I know that blue and white is considered a quintessential summer combination, bringing to mind, as it does, all things nautical, but for some reason I’ve really been feeling the combination for winter. Especially the pairing of pairing winter white with my winter blues:
Now, is winter white is basically just cream with a little less yellow in it? Probably. But whether you call it cream or white, it does work well for winter.
That is not to say, of course, that you can’t wear white-white during the winter. I actually like to pair white-white with winter white and blue. I did it in this outfit. And below, you can see that I’ve layered this winter white sweater over a regular white tunic:
I know, I know. I’m committing a fashion faux pas a minute. But, the world kept spinning after I wore this so I figure it’s okay.
Deborah of the blog Stylish Murmurs is a master of proportion play, and here adds an on-trend obi to her artful layers. Also love the accents created by her light blue earrings and lush red lips. Check her original post for details about this inspired outfit!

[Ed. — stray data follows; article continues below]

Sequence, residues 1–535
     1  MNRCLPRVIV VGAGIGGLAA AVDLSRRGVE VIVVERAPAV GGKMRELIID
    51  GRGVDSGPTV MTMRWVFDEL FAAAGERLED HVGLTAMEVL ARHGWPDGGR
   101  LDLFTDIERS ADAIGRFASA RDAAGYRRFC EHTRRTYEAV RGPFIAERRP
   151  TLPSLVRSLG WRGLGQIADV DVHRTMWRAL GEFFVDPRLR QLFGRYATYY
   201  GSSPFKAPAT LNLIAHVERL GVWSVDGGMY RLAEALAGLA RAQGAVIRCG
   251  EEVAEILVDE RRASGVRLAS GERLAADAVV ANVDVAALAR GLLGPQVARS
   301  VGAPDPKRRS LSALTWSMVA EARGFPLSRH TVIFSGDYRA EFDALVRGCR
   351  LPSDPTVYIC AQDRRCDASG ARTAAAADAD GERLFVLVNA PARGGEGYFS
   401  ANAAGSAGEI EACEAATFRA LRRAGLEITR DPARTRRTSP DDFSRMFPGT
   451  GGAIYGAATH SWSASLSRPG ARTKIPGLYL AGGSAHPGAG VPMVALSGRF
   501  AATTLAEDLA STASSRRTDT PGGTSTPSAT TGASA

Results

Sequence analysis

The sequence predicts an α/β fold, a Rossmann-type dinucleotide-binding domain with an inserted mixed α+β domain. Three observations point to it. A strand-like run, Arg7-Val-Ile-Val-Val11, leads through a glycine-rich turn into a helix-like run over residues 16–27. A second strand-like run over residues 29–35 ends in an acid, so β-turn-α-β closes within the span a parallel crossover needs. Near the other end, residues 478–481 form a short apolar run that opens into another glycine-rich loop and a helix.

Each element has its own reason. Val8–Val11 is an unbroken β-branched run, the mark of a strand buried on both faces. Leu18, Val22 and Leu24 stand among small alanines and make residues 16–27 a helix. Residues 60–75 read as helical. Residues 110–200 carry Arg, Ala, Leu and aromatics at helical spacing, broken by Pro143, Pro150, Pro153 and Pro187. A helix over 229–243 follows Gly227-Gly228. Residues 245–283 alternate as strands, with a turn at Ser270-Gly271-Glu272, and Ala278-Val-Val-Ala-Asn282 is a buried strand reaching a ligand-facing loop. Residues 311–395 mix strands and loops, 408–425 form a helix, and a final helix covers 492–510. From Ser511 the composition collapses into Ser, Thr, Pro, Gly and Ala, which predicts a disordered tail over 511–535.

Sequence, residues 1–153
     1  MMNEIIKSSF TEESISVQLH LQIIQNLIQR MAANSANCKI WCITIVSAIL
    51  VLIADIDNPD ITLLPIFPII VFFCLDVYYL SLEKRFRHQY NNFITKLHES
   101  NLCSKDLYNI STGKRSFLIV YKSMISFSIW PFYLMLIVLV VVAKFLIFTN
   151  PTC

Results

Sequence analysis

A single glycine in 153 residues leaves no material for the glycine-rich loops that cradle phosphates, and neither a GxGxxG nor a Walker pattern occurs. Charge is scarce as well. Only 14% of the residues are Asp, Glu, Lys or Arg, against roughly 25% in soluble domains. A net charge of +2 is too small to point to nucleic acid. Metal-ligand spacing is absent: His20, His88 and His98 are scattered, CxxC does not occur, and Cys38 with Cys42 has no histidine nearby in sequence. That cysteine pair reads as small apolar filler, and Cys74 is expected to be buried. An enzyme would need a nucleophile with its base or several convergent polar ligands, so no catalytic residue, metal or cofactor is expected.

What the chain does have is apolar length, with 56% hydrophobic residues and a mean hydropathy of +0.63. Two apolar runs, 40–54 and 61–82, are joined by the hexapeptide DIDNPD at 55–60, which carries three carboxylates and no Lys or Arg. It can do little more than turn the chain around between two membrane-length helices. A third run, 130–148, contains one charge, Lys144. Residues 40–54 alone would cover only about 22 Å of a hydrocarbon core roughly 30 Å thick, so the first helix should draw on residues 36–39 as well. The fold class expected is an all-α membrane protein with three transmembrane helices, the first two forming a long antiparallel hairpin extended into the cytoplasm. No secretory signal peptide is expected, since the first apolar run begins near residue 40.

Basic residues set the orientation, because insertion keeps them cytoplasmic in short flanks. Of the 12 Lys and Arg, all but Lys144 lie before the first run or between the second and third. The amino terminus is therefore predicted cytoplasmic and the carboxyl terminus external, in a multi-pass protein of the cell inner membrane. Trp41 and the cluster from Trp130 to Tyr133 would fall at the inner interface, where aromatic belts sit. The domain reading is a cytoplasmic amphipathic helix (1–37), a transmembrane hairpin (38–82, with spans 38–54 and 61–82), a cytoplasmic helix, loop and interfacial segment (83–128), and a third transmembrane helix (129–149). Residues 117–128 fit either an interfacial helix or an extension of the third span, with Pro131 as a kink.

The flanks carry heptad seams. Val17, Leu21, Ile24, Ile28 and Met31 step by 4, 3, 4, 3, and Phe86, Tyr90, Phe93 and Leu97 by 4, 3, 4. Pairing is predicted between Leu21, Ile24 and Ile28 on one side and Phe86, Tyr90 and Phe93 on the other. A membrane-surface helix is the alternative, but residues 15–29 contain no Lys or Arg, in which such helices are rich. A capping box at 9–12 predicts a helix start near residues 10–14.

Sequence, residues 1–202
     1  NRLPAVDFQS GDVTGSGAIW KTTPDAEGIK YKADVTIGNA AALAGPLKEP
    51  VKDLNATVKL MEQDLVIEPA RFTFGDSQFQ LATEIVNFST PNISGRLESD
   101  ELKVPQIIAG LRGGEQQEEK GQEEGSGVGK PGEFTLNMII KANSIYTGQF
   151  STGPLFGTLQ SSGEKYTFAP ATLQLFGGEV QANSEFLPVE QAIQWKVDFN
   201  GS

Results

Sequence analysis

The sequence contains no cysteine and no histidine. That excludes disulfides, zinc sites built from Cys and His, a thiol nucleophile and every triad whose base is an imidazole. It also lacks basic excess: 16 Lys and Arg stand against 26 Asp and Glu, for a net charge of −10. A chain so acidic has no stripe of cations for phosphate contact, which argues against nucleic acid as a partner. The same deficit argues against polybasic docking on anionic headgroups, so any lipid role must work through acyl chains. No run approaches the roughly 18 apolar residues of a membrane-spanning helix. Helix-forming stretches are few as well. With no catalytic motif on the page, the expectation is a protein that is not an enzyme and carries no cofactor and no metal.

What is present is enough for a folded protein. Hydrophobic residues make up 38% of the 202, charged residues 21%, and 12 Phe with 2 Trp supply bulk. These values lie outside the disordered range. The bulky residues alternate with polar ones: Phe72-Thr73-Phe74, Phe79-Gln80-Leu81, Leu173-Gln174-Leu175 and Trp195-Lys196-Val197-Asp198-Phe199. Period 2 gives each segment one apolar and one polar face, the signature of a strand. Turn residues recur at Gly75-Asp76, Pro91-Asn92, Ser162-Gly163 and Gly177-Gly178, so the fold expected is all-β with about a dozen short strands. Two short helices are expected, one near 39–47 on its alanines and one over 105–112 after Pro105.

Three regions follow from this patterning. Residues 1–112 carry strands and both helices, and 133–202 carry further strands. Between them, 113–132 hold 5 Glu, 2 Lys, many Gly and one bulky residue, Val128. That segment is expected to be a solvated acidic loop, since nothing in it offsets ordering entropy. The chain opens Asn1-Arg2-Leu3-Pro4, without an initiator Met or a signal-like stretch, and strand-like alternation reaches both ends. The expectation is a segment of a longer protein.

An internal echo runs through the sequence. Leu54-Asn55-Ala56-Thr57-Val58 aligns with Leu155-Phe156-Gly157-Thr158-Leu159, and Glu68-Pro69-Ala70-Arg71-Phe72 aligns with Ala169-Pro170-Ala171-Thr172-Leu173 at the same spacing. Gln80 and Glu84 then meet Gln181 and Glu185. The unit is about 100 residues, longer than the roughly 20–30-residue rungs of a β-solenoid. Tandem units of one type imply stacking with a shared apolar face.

I had an absolute BLAST talking with my friend and colleague Anupama Pasricha’s class on Sociocultural Aspects of Dress at St. Kate’s this week – photo evidence here, including my signature wild hand gestures.
This post provides food for thought about identity and professional dressing norms. I enjoy changing up what I wear from occasion to occasion and environment to environment, and I think that doing so shifts my emotions and focus in constructive ways. But I can see how – for those who are disinterested in style as an expressive medium or who feel confined by dressing expectations – it could feel very constrictive. (Cheers to Mollie for the link.)
“I’ve struggled my whole life with the size, shape and weight of my body. The biggest single difference has been adopting Intuitive Eating with my amazing nutritionist over the past year. But after that, it’s sewing. You know when you look in the mirror and think “ugh, I look terrible”? 90% of the time that’s your clothes. They’re too tight, things are bulging, or maybe they’re too loose and boxy. Once you can make clothes to fit, you learn that anyone can look good.” (Thanks, LaPriel)